by Melvyn Gallagher
During 2014 we commemorate the start of World War One and many national events will be taking place.
It can be argued that this tragedy was also responsible for the rapid development of Scouting in Britain, as prior to 1914 they received little respect from some of the general public. With the Boy Scouts being put at the disposal of the authorities this soon changed as they did so much valuable work on the home front working as hospital orderlies, messengers, air-raid wardens and guarding key installations against possible sabotage. The Sea Scouts took over and ran the Coastguard service when adults were called up and many Troops were run by older boys when Scoutmasters were called up.
Boy Scouts became a popular subject for both humorous and patriotic postcards some depicting Boy Scouts of Belgium and France who experienced the fighting and we musty not forget John Travers Cornwell V.C. who was depicted on many postcards as an inspiration to other young people.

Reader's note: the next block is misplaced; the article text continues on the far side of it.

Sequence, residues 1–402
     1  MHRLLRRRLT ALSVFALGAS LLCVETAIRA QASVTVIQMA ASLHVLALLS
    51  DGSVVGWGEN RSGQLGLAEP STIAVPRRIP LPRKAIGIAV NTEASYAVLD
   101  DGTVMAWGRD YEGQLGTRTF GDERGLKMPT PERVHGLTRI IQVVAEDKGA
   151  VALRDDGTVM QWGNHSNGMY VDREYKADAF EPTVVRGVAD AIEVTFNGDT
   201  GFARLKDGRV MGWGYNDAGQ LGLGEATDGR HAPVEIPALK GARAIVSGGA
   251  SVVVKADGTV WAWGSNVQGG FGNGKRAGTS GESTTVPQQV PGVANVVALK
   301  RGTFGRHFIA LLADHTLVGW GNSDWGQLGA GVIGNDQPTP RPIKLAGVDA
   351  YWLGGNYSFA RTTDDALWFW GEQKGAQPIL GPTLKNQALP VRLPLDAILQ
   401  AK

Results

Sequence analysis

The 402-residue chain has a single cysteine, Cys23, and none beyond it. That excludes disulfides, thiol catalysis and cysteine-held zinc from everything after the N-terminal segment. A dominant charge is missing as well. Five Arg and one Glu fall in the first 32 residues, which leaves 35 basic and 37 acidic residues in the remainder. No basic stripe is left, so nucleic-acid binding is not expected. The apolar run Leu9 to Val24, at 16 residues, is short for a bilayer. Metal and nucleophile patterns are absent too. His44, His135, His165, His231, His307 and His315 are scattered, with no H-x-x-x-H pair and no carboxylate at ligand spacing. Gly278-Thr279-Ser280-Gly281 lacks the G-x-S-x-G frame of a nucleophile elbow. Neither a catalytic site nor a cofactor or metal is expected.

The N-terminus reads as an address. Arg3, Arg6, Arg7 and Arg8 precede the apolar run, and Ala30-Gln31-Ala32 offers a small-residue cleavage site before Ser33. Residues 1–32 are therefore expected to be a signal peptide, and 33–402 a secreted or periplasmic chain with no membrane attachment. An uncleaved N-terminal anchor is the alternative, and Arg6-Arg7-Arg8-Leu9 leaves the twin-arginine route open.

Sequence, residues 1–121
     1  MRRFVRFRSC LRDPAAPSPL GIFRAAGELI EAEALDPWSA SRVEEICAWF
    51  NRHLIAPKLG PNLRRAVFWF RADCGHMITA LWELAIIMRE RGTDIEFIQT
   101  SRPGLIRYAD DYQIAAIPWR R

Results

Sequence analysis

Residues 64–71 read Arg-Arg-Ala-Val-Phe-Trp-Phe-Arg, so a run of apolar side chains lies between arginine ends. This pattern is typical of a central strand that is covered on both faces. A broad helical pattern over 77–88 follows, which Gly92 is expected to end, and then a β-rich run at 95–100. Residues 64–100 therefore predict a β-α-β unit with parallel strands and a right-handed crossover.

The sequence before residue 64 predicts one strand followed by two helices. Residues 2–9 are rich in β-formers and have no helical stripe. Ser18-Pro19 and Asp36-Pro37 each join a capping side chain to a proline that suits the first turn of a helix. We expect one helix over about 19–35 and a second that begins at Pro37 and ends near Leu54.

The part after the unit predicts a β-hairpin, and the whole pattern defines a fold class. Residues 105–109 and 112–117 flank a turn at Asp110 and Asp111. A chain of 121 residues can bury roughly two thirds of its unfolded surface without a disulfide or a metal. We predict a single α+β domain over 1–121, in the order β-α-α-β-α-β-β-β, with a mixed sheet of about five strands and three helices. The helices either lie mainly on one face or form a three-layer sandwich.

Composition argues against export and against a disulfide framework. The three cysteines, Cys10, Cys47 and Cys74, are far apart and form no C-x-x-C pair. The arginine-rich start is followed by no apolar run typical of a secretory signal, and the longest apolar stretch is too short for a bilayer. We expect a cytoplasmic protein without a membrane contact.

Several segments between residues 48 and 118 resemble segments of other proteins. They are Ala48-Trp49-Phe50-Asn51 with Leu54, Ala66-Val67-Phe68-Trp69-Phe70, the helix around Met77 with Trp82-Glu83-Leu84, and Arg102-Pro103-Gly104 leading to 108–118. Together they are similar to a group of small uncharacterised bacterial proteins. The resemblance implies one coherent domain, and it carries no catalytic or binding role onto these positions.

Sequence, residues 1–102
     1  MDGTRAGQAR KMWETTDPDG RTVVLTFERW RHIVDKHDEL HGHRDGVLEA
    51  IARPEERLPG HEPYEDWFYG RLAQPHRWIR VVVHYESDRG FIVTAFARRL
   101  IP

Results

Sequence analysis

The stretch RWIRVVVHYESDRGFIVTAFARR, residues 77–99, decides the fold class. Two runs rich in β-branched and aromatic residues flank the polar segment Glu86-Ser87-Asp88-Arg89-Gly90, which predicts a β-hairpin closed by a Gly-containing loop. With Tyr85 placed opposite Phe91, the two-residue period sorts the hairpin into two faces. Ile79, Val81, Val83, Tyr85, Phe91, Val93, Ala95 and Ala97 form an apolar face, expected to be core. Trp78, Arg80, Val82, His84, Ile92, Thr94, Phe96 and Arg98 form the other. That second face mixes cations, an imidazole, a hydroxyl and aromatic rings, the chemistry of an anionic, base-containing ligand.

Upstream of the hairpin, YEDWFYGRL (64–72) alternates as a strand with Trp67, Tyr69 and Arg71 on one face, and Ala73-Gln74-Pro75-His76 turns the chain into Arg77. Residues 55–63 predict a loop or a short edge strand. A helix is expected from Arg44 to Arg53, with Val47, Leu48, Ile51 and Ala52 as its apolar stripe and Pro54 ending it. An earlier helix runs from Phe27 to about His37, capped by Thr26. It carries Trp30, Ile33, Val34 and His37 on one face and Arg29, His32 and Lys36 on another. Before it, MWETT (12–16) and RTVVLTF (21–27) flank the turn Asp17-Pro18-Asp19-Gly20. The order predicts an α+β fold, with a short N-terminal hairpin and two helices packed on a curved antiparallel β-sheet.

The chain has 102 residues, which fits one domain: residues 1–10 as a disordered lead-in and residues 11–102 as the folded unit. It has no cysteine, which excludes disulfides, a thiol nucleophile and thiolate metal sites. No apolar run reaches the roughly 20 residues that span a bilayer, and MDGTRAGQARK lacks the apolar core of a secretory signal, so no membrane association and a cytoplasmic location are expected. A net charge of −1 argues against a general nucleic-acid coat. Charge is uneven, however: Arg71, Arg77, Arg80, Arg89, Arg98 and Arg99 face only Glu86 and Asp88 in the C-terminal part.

In 1914 B-P published his little book entitled "Quick Training for War" which included many of his Boy Scout training ideas and others from his experiences during the Anglo Boer War. In it he shows prophetical drawings of how to construct trenches to be protected from "aeroplane bombs". Later in 1915 his book "My Adventures as a Spy" describes some of his somewhat exaggerated exploits spying against Germans and Turks. Chapter IX is headed "Germany's Plans for Invading England". Some of the contents is both naive and laughable but here too, with the benefit of hindsight, he does predict some of the horrors of war to come.